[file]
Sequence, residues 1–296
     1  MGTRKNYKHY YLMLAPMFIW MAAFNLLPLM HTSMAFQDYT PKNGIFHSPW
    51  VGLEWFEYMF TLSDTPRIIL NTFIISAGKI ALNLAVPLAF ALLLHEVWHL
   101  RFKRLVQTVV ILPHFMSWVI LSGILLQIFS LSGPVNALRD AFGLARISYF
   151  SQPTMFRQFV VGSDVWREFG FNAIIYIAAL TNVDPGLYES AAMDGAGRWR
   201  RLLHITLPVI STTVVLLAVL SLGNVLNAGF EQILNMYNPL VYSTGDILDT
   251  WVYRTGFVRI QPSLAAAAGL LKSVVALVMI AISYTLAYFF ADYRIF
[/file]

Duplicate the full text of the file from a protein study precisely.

Sequence, residues 1–296
     1  MGTRKNYKHY YLMLAPMFIW MAAFNLLPLM HTSMAFQDYT PKNGIFHSPW
    51  VGLEWFEYMF TLSDTPRIIL NTFIISAGKI ALNLAVPLAF ALLLHEVWHL
   101  RFKRLVQTVV ILPHFMSWVI LSGILLQIFS LSGPVNALRD AFGLARISYF
   151  SQPTMFRQFV VGSDVWREFG FNAIIYIAAL TNVDPGLYES AAMDGAGRWR
   201  RLLHITLPVI STTVVLLAVL SLGNVLNAGF EQILNMYNPL VYSTGDILDT
   251  WVYRTGFVRI QPSLAAAAGL LKSVVALVMI AISYTLAYFF ADYRIF